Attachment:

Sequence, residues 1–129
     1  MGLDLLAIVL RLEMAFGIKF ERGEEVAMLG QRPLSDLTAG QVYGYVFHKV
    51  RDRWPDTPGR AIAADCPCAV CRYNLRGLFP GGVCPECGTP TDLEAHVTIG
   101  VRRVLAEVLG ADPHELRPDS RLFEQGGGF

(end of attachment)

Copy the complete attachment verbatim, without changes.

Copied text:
Sequence, residues 1–129
     1  MGLDLLAIVL RLEMAFGIKF ERGEEVAMLG QRPLSDLTAG QVYGYVFHKV
    51  RDRWPDTPGR AIAADCPCAV CRYNLRGLFP GGVCPECGTP TDLEAHVTIG
   101  VRRVLAEVLG ADPHELRPDS RLFEQGGGF